Students discuss suspense, queer representation, and shortcomings of HBO’s Euphoria

Kathryn Cloonan


(Photo courtesy of Wikimedia Commons.)

Sex, drugs, glitter, and self-discovery characterize HBO’s popular show Euphoria. Created by Sam Levinson, the show tells the story of high school students struggling with relationships and drug addiction. Euphoria’s colorful cinematography and Kodak Ektachrome film took over social media and the College. The tight outfits and bejeweled makeup have become a common fashion statement and party theme. 

Though the plot lines are not always relatable for high school students, the show has received positive reviews for its portrayal of the characters’ realistic and painful struggles with mental health, different addictions, sexuality, and relationships. “I’m not interested in realism,” creator Sam Levinson told Vulture. “I’m interested in an emotional realism.” Drawing on certain mature themes that parents may not necessarily approve of, Levinson strives to create characters who have addictions and self-medicate in unhealthy ways. He tries to make audiences care about questionable people who do questionable things in order to reveal their humanity.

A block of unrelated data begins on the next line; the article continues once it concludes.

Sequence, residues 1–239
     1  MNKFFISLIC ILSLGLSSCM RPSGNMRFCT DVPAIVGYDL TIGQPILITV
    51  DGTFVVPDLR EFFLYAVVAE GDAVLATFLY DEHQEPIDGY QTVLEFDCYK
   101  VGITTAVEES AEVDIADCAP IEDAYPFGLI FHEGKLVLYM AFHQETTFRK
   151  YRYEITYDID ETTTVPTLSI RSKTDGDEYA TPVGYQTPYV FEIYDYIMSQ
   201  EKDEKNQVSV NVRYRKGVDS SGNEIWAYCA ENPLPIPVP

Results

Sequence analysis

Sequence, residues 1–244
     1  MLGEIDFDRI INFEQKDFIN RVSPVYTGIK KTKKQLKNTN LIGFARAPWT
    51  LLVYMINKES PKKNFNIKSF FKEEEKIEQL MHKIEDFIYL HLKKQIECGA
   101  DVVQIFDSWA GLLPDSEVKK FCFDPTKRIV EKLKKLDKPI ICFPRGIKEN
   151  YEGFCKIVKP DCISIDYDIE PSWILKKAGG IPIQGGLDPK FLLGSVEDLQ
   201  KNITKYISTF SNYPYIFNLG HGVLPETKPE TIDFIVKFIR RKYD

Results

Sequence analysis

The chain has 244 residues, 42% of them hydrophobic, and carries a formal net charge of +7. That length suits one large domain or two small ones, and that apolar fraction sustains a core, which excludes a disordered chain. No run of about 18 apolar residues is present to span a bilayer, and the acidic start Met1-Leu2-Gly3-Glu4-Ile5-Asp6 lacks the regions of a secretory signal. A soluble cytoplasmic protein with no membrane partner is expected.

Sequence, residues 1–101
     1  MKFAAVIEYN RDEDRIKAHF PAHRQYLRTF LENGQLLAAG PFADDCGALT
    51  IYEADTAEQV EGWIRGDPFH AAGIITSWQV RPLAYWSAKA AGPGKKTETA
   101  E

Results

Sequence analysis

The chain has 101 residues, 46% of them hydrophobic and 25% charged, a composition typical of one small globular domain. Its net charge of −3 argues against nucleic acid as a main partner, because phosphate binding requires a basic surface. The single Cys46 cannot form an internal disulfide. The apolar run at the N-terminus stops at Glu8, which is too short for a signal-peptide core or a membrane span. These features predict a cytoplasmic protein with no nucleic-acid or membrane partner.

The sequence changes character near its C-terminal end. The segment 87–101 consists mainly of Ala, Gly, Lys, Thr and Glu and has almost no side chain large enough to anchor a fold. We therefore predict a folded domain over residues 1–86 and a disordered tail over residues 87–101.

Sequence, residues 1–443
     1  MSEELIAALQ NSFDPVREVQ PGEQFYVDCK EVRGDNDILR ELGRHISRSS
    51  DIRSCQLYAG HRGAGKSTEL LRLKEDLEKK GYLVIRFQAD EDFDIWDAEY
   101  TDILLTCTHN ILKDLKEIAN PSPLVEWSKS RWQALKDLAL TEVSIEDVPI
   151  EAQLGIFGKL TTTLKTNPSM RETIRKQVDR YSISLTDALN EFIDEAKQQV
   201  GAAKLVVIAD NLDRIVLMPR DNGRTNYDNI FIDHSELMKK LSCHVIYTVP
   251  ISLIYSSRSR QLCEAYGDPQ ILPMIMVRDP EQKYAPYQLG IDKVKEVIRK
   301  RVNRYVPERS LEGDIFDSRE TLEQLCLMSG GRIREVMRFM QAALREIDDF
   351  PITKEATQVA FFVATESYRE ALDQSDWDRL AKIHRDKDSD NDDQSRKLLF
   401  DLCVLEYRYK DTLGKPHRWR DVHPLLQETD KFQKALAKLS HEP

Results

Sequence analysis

Junior Advisor Reed Putnam ’23 said he enjoys the show because its cinematic and technological aspects are relatable for current teenagers. “The cinematography was so great,” Putnam said. “It felt a little bit more savvy than similar shows on Netflix.” Putnam added that he connects with his frosh watching the show every week. “My frosh love drama. We talk about the characters and we kind of argue a little bit. I feel like [Euphoria is] unique because there’s a lot of different takes on it, which I think is good because the characters are complex.”